Presidential campaigns lack all of brevity's many virtues, but there is one great blessing to the long slog. In their length, campaigns are exercises in clarification. They cumulatively strip away the calculated smog with which politicians and parties surround themselves. They are democracy's occasions for learning what we already knew but have been encouraged to forget.
One truth is that the Democratic Party and the Republican Party are in fact different from each other. The former is liberal; the latter is conservative. A Democratic administration will reflect a liberal worldview and a Republican administration will reflect a conservative worldview. Shocking stuff, but true.
In recent months, under the pressure of both the Gore campaign and the Rodham-Clinton campaign, the Clinton White House has moved quite a distance away from the triangulated center it has more or less held since Dick Morris's post-1994 makeover. The president is a lib again, as he made abundantly clear when he took a dive in Seattle for labor, the enviros and the new loony left.
Ever since the White House staggered back from its last lurch to the left, "don't ask, don't tell" has been policy on gays in the military. Now, suddenly, the president, the vice president and the first lady have discovered what has not exactly been a secret: "Don't ask, don't tell" doesn't really work very well. They are shocked. Whose fool idea was this, anyway? True, the Clinton-Gores have a proximate cause for their reawakening: A trial in the murder of a gay soldier has brutally exposed the realities that "don't ask, don't tell" was designed to mask. But it also seems likely that, had this trial occurred at a time when Al Gore and Hillary Clinton were not needful of Democratic-liberal votes, the reaction from the Clinton-Gores would have been much closer to no reaction at all.
Gore's only challenger in the Democratic presidential primaries is running unreconstructedly as a liberal. Bill Bradley proposed classically liberal health care reform and said he would, if necessary, raise taxes to pay for it. (Gore of course demagogued this statement--Gore would demagogue an opponent's "hello, how are you?"--but then grudgingly admitted to a position essentially identical to Bradley's.) On issues of race, Bradley is an unevolved 1963 liberal. In foreign policy, he seems not to have advanced his views since he was a member in good standing of the neo-isolationist left that dominated the congressional Democratic caucus during the Reagan-Bush years.
And Republicans? Well, they are, it turns out, rather to the right of the Democrats. In the debate Monday night in Iowa among the six GOP candidates, two--George W. Bush and Gary Bauer--named Jesus Christ as the most influential thinker in their lives. (Impressively, for him, Bush got the name right, the last one anyway, on the first shot.) A third, Orrin Hatch, named Lincoln and Reagan, but threw in Christ for good measure. This was not just pandering to Iowa's religious right. Throughout the debate, the Republican candidates spoke of God, and Christ, and of the role of Christian faith in a properly constructed society. And they spoke in obviously heartfelt, explicitly moralistic terms.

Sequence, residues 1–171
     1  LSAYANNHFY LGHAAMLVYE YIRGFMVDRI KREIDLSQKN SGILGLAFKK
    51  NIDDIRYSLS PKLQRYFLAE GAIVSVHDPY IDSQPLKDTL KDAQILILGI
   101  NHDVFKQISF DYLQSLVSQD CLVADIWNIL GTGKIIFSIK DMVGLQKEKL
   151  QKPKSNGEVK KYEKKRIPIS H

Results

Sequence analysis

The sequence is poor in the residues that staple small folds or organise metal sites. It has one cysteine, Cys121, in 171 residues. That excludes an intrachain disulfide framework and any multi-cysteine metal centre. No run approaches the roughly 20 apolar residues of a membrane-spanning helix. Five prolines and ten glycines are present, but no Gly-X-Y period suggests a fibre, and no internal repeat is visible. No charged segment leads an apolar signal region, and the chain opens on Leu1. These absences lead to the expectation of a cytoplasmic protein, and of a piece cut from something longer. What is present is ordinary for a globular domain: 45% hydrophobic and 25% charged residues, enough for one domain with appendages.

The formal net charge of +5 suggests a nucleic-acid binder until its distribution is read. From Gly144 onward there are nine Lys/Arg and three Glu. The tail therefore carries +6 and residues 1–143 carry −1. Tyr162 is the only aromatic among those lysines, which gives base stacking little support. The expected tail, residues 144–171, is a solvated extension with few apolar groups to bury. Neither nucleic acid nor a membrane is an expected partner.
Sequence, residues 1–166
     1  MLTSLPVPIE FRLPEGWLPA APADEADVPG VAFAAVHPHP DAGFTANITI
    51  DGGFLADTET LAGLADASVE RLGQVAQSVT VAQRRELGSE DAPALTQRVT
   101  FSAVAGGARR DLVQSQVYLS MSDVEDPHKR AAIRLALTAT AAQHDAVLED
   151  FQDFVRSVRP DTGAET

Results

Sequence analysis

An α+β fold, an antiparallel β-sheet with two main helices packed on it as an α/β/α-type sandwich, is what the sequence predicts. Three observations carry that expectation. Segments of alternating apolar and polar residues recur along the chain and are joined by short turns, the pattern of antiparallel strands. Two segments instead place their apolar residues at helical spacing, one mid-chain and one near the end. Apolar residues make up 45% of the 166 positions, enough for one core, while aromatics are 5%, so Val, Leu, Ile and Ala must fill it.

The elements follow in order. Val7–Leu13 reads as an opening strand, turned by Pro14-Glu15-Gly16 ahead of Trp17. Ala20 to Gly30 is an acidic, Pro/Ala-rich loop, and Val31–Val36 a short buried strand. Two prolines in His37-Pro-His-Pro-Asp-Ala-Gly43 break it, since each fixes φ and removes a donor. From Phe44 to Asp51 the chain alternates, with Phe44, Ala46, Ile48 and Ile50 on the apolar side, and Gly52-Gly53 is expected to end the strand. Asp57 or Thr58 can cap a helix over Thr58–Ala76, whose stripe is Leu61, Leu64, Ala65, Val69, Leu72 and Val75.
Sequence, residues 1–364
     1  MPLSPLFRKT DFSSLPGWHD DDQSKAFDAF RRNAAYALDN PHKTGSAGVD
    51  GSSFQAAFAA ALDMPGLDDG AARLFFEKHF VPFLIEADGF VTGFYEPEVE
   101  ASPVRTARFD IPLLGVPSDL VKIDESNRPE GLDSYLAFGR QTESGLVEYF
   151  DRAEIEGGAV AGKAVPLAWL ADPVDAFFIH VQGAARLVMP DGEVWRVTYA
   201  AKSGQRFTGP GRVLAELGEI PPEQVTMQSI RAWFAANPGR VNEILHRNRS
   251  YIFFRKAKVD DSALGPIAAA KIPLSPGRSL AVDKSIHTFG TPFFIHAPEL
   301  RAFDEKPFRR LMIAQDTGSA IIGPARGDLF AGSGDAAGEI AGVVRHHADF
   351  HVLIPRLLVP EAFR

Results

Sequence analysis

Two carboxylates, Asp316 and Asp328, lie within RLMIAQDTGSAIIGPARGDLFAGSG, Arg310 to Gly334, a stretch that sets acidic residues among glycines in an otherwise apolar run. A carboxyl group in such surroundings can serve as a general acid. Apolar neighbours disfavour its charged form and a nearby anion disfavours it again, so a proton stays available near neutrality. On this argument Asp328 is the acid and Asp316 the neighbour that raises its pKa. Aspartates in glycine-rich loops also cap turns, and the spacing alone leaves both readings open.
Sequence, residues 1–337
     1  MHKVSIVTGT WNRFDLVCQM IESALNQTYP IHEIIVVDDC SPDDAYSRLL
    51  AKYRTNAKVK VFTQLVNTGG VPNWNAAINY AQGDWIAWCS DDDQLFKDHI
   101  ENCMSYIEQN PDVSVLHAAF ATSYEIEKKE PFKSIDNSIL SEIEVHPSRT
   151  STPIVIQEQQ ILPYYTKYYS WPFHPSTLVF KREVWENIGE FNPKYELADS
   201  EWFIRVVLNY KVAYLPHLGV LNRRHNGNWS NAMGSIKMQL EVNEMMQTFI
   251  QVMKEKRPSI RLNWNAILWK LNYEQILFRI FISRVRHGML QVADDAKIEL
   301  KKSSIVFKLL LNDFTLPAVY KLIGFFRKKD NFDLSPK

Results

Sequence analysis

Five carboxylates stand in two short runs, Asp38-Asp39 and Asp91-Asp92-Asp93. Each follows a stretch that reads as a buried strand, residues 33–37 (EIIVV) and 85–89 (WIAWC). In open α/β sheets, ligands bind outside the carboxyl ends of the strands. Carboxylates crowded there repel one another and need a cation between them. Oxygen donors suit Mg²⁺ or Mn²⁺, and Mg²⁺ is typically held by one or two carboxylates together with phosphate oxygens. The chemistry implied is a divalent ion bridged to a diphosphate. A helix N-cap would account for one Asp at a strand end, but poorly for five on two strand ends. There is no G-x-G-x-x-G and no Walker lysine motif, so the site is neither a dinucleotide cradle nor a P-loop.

Asked about the killers of Columbine High School, revealed this week in their horrifically typical devotion to the culture of video murder and Jerry Springeresque fame, the Republicans blamed a national culture that has abandoned God, parents and teachers who have forgotten their roles as moral instructors and an entertainment industry that promotes a pathological disregard for life. Hatch, Bauer, Alan Keyes and Steve Forbes all argued that legal abortion, which implicitly denies the proposition that life is created by God and may therefore not be snuffed out by man, necessarily gives rise to a culture in which all human life is devalued--to Columbine. "What did we do in America to so undermine the sanctity of life that we could raise a couple of kids with empty hearts?" asked Bauer. "I think that part of it is that we undermine the sanctity of life by telling our children that they've got a constitutional right to take an innocent life if it's in their way." Democrats, by and large, do not talk like this.
And they do not talk as John McCain did about the old men of Beijing: "ruthless people hell-bent on hanging onto power." Or as Forbes did about the World Trade Organization: "a woolly mammoth without the charm." Or as Keyes did about campaign finance reform: "The government does not have the right to restrict our freedom of association, which should include the right to associate our money with the causes we believe in."
There's a choice, not an echo, out there.
Michael Kelly is the editor in chief of National Journal.